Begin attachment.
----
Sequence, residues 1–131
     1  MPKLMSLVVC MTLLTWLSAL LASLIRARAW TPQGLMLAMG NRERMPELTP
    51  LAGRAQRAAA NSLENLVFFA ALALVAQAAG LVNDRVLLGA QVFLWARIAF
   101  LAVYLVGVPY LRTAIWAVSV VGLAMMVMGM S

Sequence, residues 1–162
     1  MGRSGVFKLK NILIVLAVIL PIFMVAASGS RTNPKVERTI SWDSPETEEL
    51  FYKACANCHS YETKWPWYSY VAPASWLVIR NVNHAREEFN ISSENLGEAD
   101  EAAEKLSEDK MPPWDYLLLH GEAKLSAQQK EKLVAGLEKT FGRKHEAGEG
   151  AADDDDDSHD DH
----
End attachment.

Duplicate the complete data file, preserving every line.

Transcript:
Sequence, residues 1–131
     1  MPKLMSLVVC MTLLTWLSAL LASLIRARAW TPQGLMLAMG NRERMPELTP
    51  LAGRAQRAAA NSLENLVFFA ALALVAQAAG LVNDRVLLGA QVFLWARIAF
   101  LAVYLVGVPY LRTAIWAVSV VGLAMMVMGM S

Sequence, residues 1–162
     1  MGRSGVFKLK NILIVLAVIL PIFMVAASGS RTNPKVERTI SWDSPETEEL
    51  FYKACANCHS YETKWPWYSY VAPASWLVIR NVNHAREEFN ISSENLGEAD
   101  EAAEKLSEDK MPPWDYLLLH GEAKLSAQQK EKLVAGLEKT FGRKHEAGEG
   151  AADDDDDSHD DH